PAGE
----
The Center of Disease Control and Prevention (CDC) released a report this Thursday revealing a high number of Hepatitis C cases leaping from 2010 to 2015 which tripled in about five years.
One of the causes that the CDC points out for the increase in cases is the use of heroin and the possibly other injection drugs where people are mostly sharing needles.
Hepatitis C is an infectious disease affecting the liver taking one different forms, however, no less serious than the rest. The symptoms aren’t usually manifested until it becomes too late.
Hepatitis C is still a disease that is a deadly threat, even though, there are treatments for the disease they are highly expensive and had to receive. According to the CDC, in 2013 there were about 19 thousand people who died. Associating the disease with more deaths than any other infectious disease in the United States.
In 2015, there were about 20 thousand people who died from Hepatitis C and there are roughly over 3.5 million people over the age of 55 who are infected with the disease.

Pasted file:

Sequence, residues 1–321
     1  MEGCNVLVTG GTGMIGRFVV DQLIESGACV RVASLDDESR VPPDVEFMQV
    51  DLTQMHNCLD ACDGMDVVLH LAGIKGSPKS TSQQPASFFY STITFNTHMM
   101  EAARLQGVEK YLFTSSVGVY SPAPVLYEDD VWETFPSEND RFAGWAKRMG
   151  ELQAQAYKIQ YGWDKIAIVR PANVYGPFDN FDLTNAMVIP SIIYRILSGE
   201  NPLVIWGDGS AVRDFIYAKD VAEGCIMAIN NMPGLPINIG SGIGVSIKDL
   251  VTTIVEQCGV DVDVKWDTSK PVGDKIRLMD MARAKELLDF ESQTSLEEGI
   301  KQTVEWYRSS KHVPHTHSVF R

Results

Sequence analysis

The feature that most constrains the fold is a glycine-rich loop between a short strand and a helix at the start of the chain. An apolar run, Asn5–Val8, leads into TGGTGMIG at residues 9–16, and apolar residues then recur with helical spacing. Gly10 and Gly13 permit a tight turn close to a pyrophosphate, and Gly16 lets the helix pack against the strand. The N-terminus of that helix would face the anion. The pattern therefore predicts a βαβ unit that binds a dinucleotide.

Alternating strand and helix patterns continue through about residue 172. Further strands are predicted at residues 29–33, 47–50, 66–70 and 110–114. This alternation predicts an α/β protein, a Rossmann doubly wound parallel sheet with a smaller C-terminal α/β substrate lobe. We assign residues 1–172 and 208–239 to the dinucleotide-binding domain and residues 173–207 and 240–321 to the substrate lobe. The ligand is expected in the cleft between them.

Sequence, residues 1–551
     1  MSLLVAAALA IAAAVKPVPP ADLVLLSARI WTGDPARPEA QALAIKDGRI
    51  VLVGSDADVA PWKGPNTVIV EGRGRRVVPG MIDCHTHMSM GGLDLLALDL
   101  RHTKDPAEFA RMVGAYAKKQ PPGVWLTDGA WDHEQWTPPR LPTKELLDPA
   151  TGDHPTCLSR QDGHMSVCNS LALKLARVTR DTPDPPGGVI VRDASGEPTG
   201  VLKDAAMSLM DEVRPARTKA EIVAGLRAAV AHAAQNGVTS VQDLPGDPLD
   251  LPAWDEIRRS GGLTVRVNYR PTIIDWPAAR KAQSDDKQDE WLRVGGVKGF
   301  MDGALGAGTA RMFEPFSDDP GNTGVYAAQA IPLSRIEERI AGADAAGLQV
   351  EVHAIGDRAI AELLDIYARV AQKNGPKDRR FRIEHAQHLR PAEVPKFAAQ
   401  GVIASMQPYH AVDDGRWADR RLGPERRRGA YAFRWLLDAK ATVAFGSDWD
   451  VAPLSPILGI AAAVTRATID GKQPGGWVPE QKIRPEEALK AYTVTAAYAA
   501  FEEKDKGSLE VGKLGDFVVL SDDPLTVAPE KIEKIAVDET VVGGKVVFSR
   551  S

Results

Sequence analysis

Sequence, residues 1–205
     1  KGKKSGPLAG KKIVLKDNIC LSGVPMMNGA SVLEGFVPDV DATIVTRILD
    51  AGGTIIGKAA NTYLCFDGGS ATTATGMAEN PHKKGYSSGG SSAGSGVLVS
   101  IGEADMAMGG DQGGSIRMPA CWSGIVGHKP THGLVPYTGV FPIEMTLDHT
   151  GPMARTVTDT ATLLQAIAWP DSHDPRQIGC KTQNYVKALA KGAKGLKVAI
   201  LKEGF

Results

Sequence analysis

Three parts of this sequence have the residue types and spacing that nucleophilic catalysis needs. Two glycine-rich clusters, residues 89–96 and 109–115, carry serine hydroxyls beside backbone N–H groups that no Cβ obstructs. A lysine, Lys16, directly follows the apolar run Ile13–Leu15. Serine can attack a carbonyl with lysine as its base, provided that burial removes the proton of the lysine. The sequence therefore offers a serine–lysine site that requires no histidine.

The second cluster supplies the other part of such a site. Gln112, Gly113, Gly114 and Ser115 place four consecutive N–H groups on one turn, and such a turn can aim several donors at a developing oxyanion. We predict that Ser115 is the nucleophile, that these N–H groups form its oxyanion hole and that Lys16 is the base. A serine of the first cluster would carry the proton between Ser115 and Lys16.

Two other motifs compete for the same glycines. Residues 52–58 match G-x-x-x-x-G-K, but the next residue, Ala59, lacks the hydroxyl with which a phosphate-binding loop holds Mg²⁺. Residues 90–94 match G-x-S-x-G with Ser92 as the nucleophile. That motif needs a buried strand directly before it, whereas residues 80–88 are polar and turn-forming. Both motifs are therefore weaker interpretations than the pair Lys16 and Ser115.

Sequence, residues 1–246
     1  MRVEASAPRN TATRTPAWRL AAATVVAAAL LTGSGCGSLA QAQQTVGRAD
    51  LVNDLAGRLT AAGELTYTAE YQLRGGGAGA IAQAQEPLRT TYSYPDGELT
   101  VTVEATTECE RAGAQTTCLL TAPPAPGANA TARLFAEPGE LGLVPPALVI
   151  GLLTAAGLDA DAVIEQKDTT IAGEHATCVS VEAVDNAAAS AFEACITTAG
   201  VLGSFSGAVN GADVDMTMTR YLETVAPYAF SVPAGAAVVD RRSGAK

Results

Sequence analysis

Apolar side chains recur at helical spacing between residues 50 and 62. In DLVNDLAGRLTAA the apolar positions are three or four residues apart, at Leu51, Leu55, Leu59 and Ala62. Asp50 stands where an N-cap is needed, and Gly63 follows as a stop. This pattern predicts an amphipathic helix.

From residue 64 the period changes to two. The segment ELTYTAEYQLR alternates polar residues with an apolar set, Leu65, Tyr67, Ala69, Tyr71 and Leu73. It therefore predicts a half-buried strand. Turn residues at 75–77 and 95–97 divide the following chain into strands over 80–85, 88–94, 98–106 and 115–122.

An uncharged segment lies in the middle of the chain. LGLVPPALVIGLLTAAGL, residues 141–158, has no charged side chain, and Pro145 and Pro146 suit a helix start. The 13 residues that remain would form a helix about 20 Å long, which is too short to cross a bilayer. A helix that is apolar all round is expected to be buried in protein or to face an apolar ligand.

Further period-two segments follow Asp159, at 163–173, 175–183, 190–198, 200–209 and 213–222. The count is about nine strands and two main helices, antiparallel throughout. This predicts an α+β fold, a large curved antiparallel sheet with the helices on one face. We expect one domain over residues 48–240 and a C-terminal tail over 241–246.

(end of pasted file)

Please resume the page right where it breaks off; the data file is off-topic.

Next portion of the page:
The reports state that the rising numbers of the infectious disease are common among the younger adults which are a result of the increase in injection drugs along with the growing opioid epidemic.
Some of the ways the CDC suggests to combat the spread of Hepatitis C is through having clean needles accessible. The syringe exchange programs are one way of helping prevent the spread but also the legalization of having a paraphernalia.
By having policies that give access to Hepatitis C treatment clean needles and access to syringe exchange programs can help with the reduction of Hepatitis C transmission. These programs can help people link to treatments that can stop drug use but also have the test done for medical care.
The CDC has found 3 states, Massachusetts, New Mexico, and Washington, of the 50 have laws helping people get into the needle exchange programs and provide treatments as well as prevention services for those who injecting drugs.